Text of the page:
"Since traffic will be an issue, we are also requesting that drivers keep the road rights of way clear so that emergency vehicles can maneuver should an emergency occur. I am confident that our EM team and partner agencies have prepared as well as possible to accommodate this unique event and have utilized the resources at our disposal to the absolute fullest."

There will be 16 electronic signs in place to alert visitors to the area of the traffic concerns.

Sheriff David Mahoney said there would be a "considerable amount of additional personnel on duty for the days leading up to and immediately after the day of the eclipse."

Officers will be assigned to specific communities to minimize how much traffic they may have to deal with if they get service calls in those communities, he said.

"Beyond that, our tips are have fun, enjoy it, try to be patient and not try to get out of the area immediately," Mahoney said. "It's kind of like the Fourth of July firework show. For the first 30 minutes after that ends in Brevard you can't drive in Brevard.

"Wait a little while and be patient, and if you are coming in that day, try to arrive early. We are just asking as many folks as we can to stay off the road, particularly our residents. If you don't have to get out on the roads, don't, because there is going to be enough traffic out there as it is."

In The Forest

Due to the increase in visitors expected for the solar eclipse, U.S. Forest Service staff encourage drivers to understand parking rules and plan ahead for high amounts of traffic on narrow forest roads.

Use extreme caution when driving and parking, and pay close attention to other vehicles, pedestrians and bikers that will be sharing the roads and will likely be distracted. Plan to arrive early at your destination so that you can park legally.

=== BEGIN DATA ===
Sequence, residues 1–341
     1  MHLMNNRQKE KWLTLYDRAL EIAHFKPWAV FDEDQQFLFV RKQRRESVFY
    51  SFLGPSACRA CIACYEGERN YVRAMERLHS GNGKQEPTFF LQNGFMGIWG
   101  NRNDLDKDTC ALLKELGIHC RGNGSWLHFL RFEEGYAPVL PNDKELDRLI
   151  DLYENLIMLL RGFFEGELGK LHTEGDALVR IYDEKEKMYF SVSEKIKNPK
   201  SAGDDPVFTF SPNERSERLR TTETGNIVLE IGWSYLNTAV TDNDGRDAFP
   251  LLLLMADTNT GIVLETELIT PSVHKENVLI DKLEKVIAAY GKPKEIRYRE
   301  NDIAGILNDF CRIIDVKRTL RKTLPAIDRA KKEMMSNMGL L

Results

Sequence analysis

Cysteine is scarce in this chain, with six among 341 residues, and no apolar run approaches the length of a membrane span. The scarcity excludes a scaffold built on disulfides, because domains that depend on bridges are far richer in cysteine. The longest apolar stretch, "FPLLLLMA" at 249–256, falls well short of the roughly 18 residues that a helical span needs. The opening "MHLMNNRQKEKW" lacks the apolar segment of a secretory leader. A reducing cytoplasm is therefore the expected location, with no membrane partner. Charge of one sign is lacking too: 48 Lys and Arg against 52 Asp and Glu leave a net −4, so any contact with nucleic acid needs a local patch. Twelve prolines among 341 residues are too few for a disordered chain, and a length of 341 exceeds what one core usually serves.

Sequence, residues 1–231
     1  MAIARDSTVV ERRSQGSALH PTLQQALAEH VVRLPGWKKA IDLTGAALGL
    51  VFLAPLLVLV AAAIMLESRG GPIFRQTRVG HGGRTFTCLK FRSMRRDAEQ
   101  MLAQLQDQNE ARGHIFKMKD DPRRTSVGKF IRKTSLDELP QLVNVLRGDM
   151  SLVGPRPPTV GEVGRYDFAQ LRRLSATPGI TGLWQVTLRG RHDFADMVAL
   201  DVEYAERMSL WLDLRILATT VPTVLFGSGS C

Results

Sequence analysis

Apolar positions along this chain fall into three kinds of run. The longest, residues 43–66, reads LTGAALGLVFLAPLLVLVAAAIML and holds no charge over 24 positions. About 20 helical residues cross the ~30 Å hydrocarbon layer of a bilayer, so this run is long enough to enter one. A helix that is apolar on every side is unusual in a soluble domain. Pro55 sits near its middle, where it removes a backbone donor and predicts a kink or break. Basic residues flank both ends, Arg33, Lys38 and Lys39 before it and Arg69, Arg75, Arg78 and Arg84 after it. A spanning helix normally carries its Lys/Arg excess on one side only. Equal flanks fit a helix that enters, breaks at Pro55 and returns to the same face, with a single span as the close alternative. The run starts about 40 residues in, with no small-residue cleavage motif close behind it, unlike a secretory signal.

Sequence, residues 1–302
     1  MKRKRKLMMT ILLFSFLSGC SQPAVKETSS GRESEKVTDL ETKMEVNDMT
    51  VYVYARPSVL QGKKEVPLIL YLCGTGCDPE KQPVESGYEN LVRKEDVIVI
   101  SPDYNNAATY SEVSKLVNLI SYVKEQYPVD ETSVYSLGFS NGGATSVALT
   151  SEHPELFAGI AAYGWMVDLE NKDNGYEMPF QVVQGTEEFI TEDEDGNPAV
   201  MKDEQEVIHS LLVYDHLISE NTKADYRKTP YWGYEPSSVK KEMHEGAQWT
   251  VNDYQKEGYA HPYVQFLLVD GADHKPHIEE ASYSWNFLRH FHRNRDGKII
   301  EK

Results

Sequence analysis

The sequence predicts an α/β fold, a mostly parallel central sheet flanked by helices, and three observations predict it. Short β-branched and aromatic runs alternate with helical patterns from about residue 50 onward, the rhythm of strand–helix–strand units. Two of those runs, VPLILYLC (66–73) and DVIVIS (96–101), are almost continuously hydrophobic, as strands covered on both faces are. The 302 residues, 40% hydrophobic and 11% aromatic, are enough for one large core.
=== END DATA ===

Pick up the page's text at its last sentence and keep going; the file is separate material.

"We want visitors who come for the eclipse to have a safe and enjoyable experience," said Allen Nicholas, forest supervisor of the National Forests in North Carolina.

"To ensure safety, we need to keep roadways clear for emergency vehicle use. As you travel on forest roads, keep in mind that there has to be enough space for fire trucks and ambulances to get up and down roads in case of an emergency."

Parking is not allowed in or on roads, and at sites with "No Parking" signs. If a vehicle is impeding the flow of traffic, it will be towed.

When parking on a roadside, be aware that unseen ditches often parallel roads.

Natural resources and vehicles can be damaged while entering or exiting a ditch and vehicles frequently require towing from these areas. Popular areas will likely meet capacity early in the day, and visitors may be directed elsewhere. Forest Service management is focused on public safety and protecting natural and cultural resources. It may be necessary to control traffic and parking, as well as restrict access to some areas to reduce the potential for damage.

Forest visitors are reminded to check the National Forests in North Carolina Facebook ( for safety alerts and road closures put in place to ensure emergency access.

Plan your visit in advance and know what to expect before you arrive. Many roads on the Nantahala and Pisgah national forests are rough and may not be suitable for vehicles without high clearance or four-wheel drive.

Remote locations outside of developed recreation areas have very limited access and parking, restricted traffic flow, and no facilities with running water.

Cell phone service can be limited or unavailable and GPS units are often unreliable in the forest, so plan your route in advance and have a map.